As a Euroskeptic party, Ukip aims to divorce the UK from the European Union because the EU has shredded the national sovereignty of all members.
In his victory statement, Nigel Farage noted, The pennys really dropped; that as members of this union, we cant run our own country and crucially we cant patrol our own borders.
In January, Farage voiced support for a newcomer moratorium:
Nigel Farage: Ukip wants five-year ban on immigrants settling in UK, Guardian, January 7, 2014
The UK Independence party is likely to go into the next election repeating its promise of a five-year ban on people coming to settle in Britain while immigration policy is sorted out, Nigel Farage has said.
The party leader also said all immigrants should be banned from claiming benefits for five years after their arrival, and admitted his plans would require the removal of the UK from the European Union.
A February poll found that 70 percent of British voters wanted immigration reduced or stopped completely.
(Honest polling in America shows similar preference for more enforcement, less immigration, but many Republican lawmakers remain enthralled by campaign consultants preaching amnesty.)
Elite British media has slimed Ukip non-stop, with characterizations of racism, xenophobia and extremism. A BBC interview with Farage about his victory took 38 seconds to use the word racist: Nigel Farage Anything is possible after tonight.
A Spectator blog item named immigration as the game-changer issue:
It was the immigration issue wot won it for Ukip, Spectator, May 26, 2014
Ukip have triumphed in the UK European Elections. The BBC project that Ukip’s national share of the vote will be 28 per cent ahead of Labour on 25 per cent and the Tories on 24 per cent with the Greens on 8 per cent beating the Lib Dems who are on the 7 per cent into 4th.
This is the first time that anyone other than Labour or the Conservatives has won a nationwide election in more than a century. Nigel Farage and his party has given the British political system a mighty shake this morning. They have demonstrated that, in these elections at least, they can put together a coalition that can defeat both main parties.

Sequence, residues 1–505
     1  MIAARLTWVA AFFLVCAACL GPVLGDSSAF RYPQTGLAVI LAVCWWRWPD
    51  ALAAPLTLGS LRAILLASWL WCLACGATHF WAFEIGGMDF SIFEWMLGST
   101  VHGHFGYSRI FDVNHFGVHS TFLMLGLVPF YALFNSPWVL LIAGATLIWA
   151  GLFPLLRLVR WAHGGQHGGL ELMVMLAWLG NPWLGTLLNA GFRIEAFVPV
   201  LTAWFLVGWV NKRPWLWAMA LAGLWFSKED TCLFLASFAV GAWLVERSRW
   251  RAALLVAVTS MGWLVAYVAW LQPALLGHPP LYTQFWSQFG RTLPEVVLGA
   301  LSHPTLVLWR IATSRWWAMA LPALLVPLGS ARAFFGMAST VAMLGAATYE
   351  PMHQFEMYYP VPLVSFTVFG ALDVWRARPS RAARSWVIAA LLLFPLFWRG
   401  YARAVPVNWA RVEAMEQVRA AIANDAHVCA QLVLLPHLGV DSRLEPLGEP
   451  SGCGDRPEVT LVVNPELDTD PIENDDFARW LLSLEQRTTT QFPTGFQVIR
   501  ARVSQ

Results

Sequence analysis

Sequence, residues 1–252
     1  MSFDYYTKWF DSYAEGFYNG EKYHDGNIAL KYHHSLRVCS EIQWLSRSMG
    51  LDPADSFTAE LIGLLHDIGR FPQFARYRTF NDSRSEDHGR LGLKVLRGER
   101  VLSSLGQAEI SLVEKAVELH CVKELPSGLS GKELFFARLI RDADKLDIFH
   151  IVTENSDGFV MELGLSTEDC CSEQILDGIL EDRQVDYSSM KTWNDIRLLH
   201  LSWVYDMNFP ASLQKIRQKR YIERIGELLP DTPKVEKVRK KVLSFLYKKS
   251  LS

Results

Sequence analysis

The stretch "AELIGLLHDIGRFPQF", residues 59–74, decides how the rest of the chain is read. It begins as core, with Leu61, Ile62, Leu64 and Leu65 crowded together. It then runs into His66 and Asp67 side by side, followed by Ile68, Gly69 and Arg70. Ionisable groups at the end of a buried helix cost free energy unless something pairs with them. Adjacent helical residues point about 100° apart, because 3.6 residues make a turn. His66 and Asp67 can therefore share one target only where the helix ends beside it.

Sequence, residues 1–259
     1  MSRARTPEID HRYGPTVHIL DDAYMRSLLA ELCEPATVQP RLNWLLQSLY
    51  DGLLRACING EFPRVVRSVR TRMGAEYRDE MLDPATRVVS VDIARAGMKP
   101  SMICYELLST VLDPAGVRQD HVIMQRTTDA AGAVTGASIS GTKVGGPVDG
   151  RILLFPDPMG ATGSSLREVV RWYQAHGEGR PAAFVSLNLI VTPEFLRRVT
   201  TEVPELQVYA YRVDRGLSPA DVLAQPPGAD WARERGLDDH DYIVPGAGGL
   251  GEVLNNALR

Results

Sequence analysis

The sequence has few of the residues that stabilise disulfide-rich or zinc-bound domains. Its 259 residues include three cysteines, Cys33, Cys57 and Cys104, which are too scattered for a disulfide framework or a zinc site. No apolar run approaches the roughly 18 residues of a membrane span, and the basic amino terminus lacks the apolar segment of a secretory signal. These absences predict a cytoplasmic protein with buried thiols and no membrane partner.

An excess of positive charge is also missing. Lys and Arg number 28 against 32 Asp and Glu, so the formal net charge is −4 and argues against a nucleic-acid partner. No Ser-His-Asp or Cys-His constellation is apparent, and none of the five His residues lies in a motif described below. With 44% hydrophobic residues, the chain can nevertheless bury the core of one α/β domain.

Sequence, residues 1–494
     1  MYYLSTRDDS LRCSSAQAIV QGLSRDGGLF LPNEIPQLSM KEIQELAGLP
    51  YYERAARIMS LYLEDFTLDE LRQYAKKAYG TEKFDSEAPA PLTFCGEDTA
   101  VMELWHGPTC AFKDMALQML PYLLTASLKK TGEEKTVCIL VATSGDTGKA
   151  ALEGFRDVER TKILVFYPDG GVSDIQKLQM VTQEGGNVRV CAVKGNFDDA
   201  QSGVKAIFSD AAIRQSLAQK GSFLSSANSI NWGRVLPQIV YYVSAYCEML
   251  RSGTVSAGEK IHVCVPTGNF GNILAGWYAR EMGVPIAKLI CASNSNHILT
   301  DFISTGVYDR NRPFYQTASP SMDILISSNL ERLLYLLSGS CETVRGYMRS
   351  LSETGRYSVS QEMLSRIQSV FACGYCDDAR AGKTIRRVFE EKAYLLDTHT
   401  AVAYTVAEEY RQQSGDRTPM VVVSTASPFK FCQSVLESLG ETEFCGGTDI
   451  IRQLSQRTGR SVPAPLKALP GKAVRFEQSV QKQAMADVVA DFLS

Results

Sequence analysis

The big development in this campaign has been Ukip making inroads into the Labour electoral base. The Ukip vote is no longer just made up of disaffected Tories worried about the loss of sovereignty.
Ukip has done this by putting immigration at the centre of its message. Ukip has a unique selling point on immigration because it wants to leave the EU. This means that, unlike the other parties, it can claim it would stop EU immigration into Britain. No other party can make that pledge because it is incompatible with the UK remaining in the EU.
There were, obviously, other factors behind the Ukip vote. The party undoubtedly benefitted from the anti-politics mood in the country, the desire to give the political establishment a kicking. While the fact that wages have stagnated under both Gordon Brown’s government and the coalition also contributed to the party’s appeal.
Ukip’s victory will lead to a lot of soul-searching in Westminster. Labour will wonder how they as the main opposition party have failed to win these elections; no opposition party has ever won a general election without winning the preceding European Election. For their part, the Tories will worry that they have lost the mantle of being Britain’s Eurosceptic party. As for the Liberal Democrats, this result shows just how far they have fallen nationally.
There is an important lesson here for American politicians, but will they notice?